Fascinating (and worthy of further study) is Cheuk's observation that nearly all of these directors studied filmmaking abroad. In fact, as Cheuk notes, directors like Patrick Tam were actually sent overseas by TV studios seeking a more global perspective to production. Cheuk doesn't draw out the larger implications of this historical fact, but it does inform the way we think of how "the local" is articulated in the 1970s and 80s.
Also excellent (and innovative) is Cheuk's discussion of censorship battles; for example, the one over Tsui Hark's Dangerous Encounters -- First Kind. These are not mere mentions of controversies; they elucidate the ways in which the New Wave was publicly defined, protected, and criticized. Elsewhere Cheuk provides what he takes to be the stylistic and thematic properties of the New Wave, but in the discussions of censorship, he makes the more sophisticated argument that the New Wave movement was created discursively: through arguments, letters, editorials, censors. Cheuk is able to make these arguments because of his familiarity with the important film magazine City Entertainment, which provided a public forum for a discussion of local cinema. This historical research of print culture allows him to look at style and content from the perspective of public culture, not just from the obsession with artistic impulse which is as the center of traditional auteurist studies.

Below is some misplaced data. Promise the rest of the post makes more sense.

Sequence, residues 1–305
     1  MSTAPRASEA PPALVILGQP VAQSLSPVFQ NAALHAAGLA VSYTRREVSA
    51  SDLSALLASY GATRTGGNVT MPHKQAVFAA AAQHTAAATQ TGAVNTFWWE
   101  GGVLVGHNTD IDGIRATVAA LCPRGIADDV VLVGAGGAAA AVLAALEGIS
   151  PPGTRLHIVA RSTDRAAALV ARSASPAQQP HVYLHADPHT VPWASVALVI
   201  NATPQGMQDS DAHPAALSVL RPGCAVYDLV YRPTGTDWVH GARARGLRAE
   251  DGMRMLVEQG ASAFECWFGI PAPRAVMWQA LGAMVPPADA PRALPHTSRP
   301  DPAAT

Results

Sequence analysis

Luckily, Cheuk's appendices are retained in the Intellect version. Especially useful are the filmographies of the directors. Beyond what you get on IMDB or HKMDB are listings of the directors' TV work, which Cheuk rightly integrates into the "film"ography, since, as he argues throughout the book, film and television should not be seen as opposites, but as mutually constituting. And despite not having an index, the book is easy to navigate. If you're looking for information about Ann Hui's Boat People or Patrick Tam's use of color, it's fairly easy to find them since the chapters are organized straightforwardly by director. His English and Chinese-language bibliographies are also useful, but unfortunately are six years out of date -- a critical oversight because the field of Chinese cinema studies has matured significantly since 2002.
Ultimately, Intellect's edition is not so much a scholarly intervention in a "widening critical debate" as much as it is a resource for curious film buffs who want to gain some background knowledge. For the English-reader who's just seen Tsui Hark's The Butterfly Murders and is scratching his head and in need of guidance, this translation is the best guide. Unfortunately, most English-readers do not have access to (or memory of) the old TV dramas or the films never released commercially in the U.S. or Europe (which is most of them). Which brings me back to the question of who this translation has been published for. Given the strengths of Cheuk's study, I'm grateful that Intellect has brought an English-language version Hong Kong New Wave Cinema to bookshelves. But given the book's potential for actually making a dent in the "critical debate," Intellect's edition is somewhat disappointing.
Pak Tong Cheuk, Hong Kong New Wave Cinema: 1978-2000, Intellect Books, 2008
Date Posted: 10/3/2008